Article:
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The Nature Conservancy Announces Largest WA Land Acquisition in its History: 48,000 Acres

By Kelton Sears
Seattle Weekly
Yesterday, the Nature Conservancy announced that it will be making history with its next land acquisition—a 47,921 acre checkered swath of forestland in the Central Cascades, spanning from Snoqualmie Pass to Cle Elum
The Nature Conservancy Announces Largest WA Land Acquisition in its History: 48,000 Acres

By the Numbers

Since 1951, The Nature Conservancy has set out to "conserve the lands and waters on which all life depends." Yesterday, the group announced that it will be making history with its next land acquisition—a 47,921 acre checkered swath of forestland in the Central Cascades, spanning from Snoqualmie Pass to Cle Elum. It's the largest conservation acquisition in Washington State thus far for the organization.

"We're talking about 75 square miles—2.2 times the size of Manhattan. Two times the size of all the parks in King County combined. It's the size of Cleveland. This is a project you can see from space," Melissa Garvey, the Nature Conservancy’s deputy state director said in order to provide some scale reference.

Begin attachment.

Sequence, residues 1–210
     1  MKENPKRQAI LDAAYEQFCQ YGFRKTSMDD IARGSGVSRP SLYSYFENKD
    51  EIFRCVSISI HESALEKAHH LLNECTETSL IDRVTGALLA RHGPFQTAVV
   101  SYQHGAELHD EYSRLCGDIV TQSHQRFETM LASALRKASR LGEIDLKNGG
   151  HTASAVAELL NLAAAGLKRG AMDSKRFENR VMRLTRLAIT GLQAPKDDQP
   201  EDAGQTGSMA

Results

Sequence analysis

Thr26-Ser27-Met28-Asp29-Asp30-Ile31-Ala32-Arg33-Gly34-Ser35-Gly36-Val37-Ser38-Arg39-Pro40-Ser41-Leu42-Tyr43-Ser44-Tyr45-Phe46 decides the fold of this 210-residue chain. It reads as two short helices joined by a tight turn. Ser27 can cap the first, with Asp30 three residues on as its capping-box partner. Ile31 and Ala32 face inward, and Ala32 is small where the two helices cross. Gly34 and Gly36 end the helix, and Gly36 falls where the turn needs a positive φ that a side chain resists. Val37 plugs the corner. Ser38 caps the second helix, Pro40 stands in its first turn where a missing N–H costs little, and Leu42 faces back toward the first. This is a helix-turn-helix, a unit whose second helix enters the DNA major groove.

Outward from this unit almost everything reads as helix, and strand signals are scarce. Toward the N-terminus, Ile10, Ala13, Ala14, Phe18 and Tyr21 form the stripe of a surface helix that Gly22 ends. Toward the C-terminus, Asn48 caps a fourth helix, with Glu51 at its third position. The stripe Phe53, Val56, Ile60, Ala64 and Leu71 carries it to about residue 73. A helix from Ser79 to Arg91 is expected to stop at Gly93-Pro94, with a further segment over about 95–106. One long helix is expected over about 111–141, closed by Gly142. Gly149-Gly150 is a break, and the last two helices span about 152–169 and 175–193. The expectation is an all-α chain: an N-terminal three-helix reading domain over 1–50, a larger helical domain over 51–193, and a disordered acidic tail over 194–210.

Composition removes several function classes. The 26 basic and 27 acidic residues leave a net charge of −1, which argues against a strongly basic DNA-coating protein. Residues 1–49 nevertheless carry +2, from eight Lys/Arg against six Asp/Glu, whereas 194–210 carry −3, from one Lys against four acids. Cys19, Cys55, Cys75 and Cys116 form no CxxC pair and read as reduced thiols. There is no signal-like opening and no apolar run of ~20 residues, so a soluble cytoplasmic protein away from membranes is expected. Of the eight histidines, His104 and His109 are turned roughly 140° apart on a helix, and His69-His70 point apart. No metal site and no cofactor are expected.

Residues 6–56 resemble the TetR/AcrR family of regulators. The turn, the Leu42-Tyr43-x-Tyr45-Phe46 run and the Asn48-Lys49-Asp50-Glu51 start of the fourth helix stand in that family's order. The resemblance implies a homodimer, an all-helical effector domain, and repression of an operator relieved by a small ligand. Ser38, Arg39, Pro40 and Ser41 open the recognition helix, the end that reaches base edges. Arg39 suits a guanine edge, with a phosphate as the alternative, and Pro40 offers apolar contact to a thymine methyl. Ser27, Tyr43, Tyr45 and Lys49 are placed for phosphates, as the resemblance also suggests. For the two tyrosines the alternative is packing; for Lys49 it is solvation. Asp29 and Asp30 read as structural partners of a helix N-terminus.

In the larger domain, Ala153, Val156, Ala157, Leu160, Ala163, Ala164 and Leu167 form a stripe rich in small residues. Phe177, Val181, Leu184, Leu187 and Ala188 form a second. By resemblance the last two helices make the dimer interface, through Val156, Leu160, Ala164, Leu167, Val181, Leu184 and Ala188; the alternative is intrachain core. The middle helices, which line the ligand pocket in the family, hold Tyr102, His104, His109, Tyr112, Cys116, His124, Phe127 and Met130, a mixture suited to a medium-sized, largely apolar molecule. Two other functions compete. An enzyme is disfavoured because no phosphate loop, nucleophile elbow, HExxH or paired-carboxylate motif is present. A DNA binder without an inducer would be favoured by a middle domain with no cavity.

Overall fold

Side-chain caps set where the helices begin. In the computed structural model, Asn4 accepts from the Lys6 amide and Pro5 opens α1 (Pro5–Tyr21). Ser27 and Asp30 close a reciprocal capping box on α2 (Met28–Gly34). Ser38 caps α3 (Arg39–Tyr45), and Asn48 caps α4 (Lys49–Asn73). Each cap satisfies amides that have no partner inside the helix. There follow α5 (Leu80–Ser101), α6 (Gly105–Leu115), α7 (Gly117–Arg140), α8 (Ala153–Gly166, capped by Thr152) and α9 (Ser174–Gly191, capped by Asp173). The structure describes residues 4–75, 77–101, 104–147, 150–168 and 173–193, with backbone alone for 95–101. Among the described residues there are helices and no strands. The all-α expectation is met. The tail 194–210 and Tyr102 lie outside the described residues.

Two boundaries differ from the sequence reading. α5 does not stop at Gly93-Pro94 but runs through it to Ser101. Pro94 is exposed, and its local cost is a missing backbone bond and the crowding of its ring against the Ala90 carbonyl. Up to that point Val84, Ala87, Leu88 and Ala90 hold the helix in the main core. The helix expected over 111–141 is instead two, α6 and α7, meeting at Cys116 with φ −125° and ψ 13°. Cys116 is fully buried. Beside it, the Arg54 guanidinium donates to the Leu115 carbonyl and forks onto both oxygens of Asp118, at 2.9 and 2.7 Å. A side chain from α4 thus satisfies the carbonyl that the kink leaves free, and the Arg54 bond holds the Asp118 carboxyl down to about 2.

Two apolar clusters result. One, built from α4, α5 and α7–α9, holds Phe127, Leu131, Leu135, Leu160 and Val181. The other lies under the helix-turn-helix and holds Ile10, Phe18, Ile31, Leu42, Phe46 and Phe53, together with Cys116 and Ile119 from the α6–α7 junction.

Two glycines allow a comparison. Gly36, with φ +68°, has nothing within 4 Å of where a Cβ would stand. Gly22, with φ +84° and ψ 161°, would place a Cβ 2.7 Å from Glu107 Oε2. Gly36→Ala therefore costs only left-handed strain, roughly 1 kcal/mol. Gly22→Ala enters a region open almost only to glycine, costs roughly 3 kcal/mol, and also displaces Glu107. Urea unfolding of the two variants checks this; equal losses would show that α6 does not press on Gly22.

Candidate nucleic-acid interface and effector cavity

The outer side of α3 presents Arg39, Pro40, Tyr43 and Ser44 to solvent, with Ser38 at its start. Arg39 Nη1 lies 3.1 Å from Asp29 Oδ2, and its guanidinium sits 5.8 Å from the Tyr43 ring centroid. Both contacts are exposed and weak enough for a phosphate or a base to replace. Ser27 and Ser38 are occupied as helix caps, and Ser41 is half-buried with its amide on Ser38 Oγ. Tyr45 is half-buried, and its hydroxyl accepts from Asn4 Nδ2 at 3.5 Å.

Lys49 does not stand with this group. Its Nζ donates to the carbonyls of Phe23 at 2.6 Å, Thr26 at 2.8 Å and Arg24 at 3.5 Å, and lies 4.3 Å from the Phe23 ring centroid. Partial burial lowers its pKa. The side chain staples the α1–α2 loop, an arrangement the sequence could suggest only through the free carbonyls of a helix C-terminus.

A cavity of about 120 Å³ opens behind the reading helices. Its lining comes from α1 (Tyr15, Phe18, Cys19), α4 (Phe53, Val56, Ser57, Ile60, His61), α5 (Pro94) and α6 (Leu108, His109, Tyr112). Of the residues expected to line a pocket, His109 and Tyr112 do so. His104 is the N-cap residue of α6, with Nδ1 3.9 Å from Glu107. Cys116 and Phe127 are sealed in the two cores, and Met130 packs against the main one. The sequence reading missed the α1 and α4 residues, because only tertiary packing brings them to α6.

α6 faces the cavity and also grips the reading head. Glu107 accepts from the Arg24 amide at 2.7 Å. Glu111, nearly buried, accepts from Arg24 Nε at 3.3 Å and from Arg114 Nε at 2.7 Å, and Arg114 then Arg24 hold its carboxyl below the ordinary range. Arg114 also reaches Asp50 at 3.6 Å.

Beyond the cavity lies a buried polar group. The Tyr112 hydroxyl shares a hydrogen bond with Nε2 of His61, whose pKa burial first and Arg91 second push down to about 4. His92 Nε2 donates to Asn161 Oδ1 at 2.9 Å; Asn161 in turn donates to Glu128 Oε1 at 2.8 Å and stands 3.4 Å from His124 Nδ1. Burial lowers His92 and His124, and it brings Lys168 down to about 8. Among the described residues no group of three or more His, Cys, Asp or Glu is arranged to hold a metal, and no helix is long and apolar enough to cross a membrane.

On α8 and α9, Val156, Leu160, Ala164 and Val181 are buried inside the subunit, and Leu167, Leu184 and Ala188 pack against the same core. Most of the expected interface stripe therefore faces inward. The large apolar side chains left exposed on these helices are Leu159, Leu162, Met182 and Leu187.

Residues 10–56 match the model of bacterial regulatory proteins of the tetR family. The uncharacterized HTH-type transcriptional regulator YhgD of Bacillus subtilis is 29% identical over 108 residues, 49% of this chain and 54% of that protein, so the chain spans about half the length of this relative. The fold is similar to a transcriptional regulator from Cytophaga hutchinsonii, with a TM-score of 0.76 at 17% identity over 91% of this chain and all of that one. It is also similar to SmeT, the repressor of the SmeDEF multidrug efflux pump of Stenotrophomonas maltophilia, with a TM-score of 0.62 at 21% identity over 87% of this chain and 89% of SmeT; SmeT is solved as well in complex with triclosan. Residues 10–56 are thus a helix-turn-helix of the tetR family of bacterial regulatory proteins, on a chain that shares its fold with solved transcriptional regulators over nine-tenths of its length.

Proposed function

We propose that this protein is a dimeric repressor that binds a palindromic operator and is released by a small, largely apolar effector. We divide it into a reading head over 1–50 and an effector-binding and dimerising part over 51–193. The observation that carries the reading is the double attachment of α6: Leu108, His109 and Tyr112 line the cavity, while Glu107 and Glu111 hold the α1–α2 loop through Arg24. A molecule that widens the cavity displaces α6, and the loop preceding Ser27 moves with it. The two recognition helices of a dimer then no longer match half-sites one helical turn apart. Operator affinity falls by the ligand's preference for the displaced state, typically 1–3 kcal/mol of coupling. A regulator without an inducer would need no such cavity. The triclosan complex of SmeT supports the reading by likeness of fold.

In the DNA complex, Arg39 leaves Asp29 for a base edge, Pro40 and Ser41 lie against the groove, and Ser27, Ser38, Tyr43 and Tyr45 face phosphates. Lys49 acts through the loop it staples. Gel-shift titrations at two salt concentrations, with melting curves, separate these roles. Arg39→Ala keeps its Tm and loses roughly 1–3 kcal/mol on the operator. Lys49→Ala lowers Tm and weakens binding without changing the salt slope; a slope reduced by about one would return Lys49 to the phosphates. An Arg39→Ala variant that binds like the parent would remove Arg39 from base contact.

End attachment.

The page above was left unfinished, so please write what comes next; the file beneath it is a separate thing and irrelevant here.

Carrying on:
The Nature Conservancy bought the $134 million acquisition from Plum Creek, a timber company that sold a 117,000 acre parcel in Montana's Blackfoot River Valley as part of the two-state package deal. The purchase nearly doubles the land the Nature Conservancy owns in Washington. The area contains 1000 species of of plants and wildlife, including salmon, spotted owl, wolves and some 16,000 elk. As part of the conservation effort, the organization will be thinning some of the forestland to stave off wildfire threat, in addition to rehabilitating land worn down by logging.

"This project will secure some of the most important wildlife habitat on the continent," said Mark R. Tercek, president and CEO of The Nature Conservancy. "These lands serve as critical linkages between vast wilderness areas and will protect sources of clean water."

But the organization is making it clear that this purchase is also for humans, "to ensure that people can continue to enjoy fishing, hunting, hiking and cross country skiing," said Mike Stevens, the Conservancy's Washington state director.

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